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​A BE-4 powerpack is installed on a stand in West Texas for the start of transient testing. Blue Origin photo.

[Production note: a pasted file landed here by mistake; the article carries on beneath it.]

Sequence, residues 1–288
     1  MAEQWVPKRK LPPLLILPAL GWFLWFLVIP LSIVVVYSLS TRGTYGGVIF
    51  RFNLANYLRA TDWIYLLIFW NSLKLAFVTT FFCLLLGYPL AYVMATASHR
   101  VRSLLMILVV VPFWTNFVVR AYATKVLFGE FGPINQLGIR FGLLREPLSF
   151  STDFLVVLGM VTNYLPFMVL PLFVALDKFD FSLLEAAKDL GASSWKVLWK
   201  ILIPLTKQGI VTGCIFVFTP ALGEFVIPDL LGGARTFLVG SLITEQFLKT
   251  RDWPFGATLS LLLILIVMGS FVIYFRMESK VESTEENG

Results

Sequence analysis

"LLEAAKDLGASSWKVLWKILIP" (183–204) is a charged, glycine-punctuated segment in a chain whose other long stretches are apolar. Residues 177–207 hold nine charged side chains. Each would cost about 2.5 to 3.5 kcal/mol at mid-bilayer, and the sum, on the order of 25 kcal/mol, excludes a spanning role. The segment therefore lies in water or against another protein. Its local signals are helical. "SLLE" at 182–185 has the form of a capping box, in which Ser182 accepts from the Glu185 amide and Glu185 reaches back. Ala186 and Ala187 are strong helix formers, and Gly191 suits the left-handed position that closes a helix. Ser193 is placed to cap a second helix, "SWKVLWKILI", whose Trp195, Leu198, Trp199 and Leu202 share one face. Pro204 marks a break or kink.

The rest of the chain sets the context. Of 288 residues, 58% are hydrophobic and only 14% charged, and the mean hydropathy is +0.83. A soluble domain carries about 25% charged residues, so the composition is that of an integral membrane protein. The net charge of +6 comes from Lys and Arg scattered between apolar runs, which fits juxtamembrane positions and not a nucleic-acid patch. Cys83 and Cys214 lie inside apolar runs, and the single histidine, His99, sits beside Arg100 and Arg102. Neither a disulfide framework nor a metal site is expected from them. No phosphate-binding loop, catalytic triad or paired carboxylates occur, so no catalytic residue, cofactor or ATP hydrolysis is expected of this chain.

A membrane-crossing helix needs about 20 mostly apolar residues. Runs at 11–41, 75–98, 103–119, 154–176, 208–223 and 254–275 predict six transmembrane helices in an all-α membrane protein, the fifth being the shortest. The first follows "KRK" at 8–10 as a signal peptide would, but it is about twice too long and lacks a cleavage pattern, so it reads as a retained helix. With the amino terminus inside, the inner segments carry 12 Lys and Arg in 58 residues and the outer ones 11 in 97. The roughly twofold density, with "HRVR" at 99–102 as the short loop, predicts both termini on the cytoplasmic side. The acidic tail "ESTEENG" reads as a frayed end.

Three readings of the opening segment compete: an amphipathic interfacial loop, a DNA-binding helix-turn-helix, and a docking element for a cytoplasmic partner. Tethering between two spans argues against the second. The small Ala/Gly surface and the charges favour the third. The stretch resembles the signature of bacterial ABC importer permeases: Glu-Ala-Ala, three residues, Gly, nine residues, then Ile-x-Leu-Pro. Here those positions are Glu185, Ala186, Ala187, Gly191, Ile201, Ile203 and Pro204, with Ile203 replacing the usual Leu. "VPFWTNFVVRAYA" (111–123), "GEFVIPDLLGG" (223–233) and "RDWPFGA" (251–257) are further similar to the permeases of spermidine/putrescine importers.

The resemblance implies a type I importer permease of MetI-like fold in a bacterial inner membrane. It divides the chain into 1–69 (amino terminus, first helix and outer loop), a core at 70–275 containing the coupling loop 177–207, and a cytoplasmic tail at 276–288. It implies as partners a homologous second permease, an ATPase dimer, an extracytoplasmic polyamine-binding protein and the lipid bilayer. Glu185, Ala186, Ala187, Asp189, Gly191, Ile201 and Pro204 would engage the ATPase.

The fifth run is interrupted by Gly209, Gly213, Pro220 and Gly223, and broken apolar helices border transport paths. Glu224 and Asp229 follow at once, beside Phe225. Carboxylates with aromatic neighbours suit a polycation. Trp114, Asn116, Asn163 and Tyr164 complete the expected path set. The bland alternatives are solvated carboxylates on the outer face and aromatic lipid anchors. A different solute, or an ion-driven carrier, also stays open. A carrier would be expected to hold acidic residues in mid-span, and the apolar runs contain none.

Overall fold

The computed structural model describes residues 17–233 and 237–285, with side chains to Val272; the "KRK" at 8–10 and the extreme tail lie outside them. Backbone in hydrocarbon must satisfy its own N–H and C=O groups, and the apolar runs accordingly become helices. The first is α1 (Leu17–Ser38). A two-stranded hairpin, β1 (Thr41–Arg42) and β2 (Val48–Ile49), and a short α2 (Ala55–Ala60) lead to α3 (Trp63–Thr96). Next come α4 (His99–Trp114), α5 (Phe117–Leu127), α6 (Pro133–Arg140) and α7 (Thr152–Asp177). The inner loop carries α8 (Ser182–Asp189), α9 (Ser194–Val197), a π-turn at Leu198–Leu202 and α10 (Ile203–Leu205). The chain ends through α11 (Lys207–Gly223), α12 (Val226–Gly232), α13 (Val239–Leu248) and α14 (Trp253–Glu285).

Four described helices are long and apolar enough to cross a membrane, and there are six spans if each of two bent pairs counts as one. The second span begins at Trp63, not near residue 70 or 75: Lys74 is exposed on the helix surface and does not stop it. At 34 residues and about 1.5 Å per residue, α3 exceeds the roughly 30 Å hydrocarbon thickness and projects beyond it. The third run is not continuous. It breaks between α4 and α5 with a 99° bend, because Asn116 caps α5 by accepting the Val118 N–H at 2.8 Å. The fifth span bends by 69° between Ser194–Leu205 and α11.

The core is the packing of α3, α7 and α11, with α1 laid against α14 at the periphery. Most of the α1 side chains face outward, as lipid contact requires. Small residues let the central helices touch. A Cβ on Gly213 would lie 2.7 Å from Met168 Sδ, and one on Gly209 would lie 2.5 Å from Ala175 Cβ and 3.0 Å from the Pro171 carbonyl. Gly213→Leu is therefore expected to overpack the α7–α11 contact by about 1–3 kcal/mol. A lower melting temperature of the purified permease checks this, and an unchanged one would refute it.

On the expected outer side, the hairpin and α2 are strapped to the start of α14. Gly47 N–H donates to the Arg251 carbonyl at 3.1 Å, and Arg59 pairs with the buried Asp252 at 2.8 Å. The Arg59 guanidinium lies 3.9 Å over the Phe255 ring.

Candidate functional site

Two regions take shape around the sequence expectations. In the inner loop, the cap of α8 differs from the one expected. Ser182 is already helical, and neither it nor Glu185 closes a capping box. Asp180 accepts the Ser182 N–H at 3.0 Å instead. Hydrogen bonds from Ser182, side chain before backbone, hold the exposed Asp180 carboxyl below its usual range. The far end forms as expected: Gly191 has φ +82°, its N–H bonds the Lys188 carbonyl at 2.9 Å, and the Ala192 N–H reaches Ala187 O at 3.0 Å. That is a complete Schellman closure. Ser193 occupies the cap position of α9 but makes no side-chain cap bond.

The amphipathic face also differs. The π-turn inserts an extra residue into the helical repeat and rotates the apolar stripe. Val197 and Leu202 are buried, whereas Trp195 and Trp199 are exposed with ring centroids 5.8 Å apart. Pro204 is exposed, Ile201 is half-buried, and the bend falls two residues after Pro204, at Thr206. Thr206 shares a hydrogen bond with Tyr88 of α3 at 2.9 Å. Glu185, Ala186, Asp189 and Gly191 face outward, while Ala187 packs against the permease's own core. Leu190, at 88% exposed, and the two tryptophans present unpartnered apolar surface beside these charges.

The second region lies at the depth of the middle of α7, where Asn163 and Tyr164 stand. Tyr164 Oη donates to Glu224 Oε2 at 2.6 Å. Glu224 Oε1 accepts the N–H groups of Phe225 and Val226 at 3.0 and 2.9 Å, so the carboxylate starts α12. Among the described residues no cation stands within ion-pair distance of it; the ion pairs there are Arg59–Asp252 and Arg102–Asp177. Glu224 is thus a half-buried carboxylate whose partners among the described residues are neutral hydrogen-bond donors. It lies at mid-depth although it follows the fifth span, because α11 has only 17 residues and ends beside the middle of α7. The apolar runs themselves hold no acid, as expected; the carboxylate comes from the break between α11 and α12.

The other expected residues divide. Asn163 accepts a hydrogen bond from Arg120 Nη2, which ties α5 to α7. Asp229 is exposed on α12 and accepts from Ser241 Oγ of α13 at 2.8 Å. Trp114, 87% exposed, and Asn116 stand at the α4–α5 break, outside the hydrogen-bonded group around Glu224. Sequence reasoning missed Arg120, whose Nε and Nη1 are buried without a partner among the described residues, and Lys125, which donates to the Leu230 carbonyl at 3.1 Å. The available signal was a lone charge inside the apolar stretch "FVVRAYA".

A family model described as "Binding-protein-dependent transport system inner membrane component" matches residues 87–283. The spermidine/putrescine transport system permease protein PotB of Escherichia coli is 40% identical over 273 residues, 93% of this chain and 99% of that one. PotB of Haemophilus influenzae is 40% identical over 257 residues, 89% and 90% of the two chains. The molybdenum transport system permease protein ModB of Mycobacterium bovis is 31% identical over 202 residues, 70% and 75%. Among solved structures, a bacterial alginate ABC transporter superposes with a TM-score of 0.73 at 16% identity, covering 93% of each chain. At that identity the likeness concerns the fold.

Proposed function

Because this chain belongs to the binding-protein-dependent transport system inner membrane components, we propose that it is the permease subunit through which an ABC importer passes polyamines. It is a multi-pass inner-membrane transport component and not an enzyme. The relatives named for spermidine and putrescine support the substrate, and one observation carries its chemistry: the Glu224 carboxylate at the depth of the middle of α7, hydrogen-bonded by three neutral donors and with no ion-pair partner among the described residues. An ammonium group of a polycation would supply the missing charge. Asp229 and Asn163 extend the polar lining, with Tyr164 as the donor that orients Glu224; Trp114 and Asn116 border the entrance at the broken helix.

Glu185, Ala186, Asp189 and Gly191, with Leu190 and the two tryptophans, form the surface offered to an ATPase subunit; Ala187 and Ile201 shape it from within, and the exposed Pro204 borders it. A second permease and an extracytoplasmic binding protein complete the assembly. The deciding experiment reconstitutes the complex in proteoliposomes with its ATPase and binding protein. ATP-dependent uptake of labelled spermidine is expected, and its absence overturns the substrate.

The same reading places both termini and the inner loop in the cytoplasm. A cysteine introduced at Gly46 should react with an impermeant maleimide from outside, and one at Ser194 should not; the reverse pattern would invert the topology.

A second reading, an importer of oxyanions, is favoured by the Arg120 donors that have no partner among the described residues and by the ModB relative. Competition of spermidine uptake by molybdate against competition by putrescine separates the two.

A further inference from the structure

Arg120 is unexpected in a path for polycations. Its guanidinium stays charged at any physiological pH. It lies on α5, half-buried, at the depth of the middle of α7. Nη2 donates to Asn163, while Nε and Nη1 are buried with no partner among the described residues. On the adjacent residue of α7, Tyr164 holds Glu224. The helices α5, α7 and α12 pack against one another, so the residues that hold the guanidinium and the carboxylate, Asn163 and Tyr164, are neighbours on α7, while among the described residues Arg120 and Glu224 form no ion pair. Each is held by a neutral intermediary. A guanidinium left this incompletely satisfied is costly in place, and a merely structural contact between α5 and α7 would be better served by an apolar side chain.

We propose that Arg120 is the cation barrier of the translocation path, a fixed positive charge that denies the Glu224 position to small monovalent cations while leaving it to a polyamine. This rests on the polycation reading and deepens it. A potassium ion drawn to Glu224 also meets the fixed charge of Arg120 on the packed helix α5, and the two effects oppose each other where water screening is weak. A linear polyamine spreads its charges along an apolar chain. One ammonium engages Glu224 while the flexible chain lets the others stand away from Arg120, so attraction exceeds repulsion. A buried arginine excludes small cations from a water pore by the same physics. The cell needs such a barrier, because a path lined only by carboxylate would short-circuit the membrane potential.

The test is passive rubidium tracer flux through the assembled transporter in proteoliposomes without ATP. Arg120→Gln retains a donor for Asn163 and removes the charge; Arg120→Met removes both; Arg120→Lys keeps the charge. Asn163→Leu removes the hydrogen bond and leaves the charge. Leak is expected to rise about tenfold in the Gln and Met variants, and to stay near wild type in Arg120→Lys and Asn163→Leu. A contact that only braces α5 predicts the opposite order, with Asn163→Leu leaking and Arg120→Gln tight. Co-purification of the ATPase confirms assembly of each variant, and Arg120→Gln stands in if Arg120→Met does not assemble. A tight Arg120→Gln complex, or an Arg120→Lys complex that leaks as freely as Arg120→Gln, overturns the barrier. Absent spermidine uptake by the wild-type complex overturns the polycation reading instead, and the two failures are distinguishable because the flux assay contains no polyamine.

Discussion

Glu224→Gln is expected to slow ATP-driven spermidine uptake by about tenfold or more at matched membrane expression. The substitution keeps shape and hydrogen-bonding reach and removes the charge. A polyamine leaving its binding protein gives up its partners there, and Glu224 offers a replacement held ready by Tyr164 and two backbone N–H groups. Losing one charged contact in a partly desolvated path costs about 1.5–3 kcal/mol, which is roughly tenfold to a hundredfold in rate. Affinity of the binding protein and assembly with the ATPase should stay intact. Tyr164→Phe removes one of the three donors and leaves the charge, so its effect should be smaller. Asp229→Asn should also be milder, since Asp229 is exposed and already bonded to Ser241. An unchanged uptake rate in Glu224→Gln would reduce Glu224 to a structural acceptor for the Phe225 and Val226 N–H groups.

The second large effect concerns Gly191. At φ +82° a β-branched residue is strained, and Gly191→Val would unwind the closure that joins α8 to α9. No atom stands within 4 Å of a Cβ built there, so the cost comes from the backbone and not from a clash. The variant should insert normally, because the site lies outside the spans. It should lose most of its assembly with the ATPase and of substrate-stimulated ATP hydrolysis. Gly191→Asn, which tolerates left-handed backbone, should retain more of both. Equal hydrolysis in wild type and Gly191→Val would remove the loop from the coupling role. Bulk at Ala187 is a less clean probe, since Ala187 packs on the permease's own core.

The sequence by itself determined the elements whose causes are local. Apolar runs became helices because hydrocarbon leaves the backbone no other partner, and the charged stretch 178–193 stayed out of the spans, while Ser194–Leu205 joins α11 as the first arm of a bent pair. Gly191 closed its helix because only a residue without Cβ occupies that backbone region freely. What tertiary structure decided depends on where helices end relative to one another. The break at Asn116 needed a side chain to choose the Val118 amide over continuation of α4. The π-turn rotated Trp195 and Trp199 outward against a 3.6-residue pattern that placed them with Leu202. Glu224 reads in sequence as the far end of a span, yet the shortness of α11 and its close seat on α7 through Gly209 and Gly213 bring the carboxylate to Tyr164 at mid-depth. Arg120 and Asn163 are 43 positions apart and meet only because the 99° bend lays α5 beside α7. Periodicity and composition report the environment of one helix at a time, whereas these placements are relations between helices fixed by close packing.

​Air Force Space Command boss Gen. Jay Raymond on Friday downplayed Blue Origin’s recent problem in the testing of its BE-4 rocket engine. On May 14, the company announced via Twitter that it had “lost a set of powerpack test hardware on one of our BE-4 test stands.” Raymond told the House Armed Services strategic forces subcommittee the “mishap is regrettable, but it isn’t unprecedented in … development efforts.” The BE-4 is Blue Origin’s entry to replace the Russian-made RD-180 rocket engine. If problems with BE-4 continue, however, “I think this adds credibility to our strategy to make sure that there’s multiple engines being developed,” Raymond said. He also emphasized that “it’s [United Launch Alliance’s] final, ultimate decision” on which engine to use in its launch vehicle. “Once that decision is made,” Raymond said, “the Air Force, as a significant customer of that launch service, will do its own independent review.” Aerojet Rocketdyne recently completed critical design review on AR-1, its entry in the RD-180 replacement competition.